As spring gave way to summer in 2021, Congress unanimously passed a bill declaring June 19 a federal holiday. President Biden signed the National Independence Day Act on June 17, just in the nick of time for Americans to celebrate.
This June 19, Americans will have had ample time to prepare for official celebrations. Like other major holidays, attendant corporate commercialism is to be expected. Crass, yes, but with a veneer of pride and patriotism.
Unless you're Walmart, it seems.
The Arkansas-based retail giant recently came out with a line of Juneteenth items that went viral for all the wrong reasons. The company released a line of party plates, napkins, and beer koozies bearing the slogan "It's the freedom for me." Doesn't exactly trip off the tongue, but it sounds sufficiently innocuous. No harm, no foul, right?
But Walmart didn't stop there. It also rolled out a commemorative "Juneteenth" ice cream, which invites us all to "Share and celebrate African-American culture, emancipation, and enduring hope."
What, you ask, does an ice cream that celebrates African-American culture, emancipation, and enduring hope taste like?
According to the flavor scientists at Walmart, it tastes like...red velvet cake with a cheesecake swirl.
This creative juxtaposition inspired Aaron Thorpe, a co-host of the popular Trillbilly Worker's Podcast, to take to Twitter on Monday morning to cogently observe: "capitalism is awesome."
A little later in the day, Daily Show correspondent Roy Wood, Jr., was moved to muse, "Would you like some Juneteenth Ice cream on a Juneteenth plate as you sip your beer in a Juneteenth Koozie?"
If you correctly predicted that such observations would inspire others to chime in, consider yourself a winner.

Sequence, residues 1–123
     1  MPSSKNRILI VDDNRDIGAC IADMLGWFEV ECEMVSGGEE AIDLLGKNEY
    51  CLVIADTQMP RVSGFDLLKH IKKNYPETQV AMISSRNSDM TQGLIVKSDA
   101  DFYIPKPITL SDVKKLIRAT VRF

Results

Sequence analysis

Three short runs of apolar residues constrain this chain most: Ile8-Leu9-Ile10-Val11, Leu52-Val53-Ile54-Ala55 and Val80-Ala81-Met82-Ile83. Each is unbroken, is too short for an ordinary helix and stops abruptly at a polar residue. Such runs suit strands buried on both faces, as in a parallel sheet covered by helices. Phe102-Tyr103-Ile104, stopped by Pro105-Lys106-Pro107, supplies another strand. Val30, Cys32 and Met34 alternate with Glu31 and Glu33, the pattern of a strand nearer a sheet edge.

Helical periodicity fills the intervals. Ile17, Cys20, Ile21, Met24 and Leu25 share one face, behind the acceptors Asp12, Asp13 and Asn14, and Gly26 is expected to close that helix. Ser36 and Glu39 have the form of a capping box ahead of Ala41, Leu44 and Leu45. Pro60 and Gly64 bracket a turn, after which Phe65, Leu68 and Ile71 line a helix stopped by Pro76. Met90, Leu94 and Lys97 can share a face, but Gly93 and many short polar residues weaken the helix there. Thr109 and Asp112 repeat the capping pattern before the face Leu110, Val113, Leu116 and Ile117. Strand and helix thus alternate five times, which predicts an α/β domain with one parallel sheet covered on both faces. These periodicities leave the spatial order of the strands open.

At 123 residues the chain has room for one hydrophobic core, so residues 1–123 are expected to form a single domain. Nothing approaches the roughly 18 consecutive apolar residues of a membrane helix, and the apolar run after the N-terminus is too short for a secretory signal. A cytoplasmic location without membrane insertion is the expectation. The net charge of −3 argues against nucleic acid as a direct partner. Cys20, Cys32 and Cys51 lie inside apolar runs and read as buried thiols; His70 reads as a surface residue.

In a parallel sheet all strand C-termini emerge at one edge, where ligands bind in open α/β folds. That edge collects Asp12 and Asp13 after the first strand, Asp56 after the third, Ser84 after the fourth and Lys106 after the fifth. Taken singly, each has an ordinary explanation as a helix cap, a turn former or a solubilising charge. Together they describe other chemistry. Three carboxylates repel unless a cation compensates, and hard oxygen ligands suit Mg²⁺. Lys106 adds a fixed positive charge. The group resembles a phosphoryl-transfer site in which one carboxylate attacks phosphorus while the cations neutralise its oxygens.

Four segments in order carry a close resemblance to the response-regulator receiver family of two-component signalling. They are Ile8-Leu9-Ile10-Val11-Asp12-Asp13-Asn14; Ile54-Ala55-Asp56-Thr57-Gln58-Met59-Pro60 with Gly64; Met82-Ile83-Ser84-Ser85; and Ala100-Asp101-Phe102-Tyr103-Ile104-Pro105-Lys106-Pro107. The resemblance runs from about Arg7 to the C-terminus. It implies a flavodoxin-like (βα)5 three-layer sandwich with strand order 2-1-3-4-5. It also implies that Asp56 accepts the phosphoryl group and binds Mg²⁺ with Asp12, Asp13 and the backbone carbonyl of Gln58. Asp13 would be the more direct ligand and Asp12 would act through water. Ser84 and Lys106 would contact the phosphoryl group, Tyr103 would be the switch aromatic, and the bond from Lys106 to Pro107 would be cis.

Would you like some Juneteenth Ice cream on a Juneteenth plate as you sip your beer in a Juneteenth Koozie? pic.twitter.com/VCDpfOgYro— Roy Wood Jr- Ex Jedi (@roywoodjr) May 23, 2022
Just don't expect to receive a pint of Juneteenth ice cream as a prize.
Walmart promptly released a statement: "Juneteenth holiday marks a celebration of freedom and independence. However, we received feedback that a few items caused concern for some of our customers and we sincerely apologize. We are reviewing our assortment and will remove items as appropriate."
On Tuesday evening, New Times got to wondering what Walmart meant by "as appropriate." Plus, being insatiably curious about all matters related to food, we really wanted to know what a tasteless ice cream tastes like.
So we drove up to the North Miami Beach store and poked around.
No luck. Nary a Juneteeth pint, plate, or koozie to be found.
Further north in the freezer section of the Hallandale Beach store, however, we hit paydirt: stacks of Juneteenth containers — cozied up alongside a batch of special-edition Pride ice cream, no less. (White chocolate ice cream with brownies and cherries. Make of that combo what you will).
We grabbed a pint of each. (No party supplies, though. Those were nowhere in sight.)
When we scanned our pints at the self-checkout, the computer screen flashed "restricted" at the Juneteenth. A manager soon arrived, took one look at our ice cream, and said, "Oh, wait. I think those were recalled."
This she confirmed with a swipe of her portable barcode reader.
"But I think you want your ice cream," she said, just as we were resigning ourselves to failure. "So go ahead and scan the Pride ice cream twice.
"By the way, it's delicious," she added, gesturing to our pint of red velvet and cheesecake swirl before excusing herself to attend to other pressing retail matters.
And she was also correct: The ice cream, reposing in its little tub in a festive swirl of red and yellow, tastes sweet and creamy. It would have been a delightful addition to any Juneteenth gathering, if only it were packaged simply as ice cream.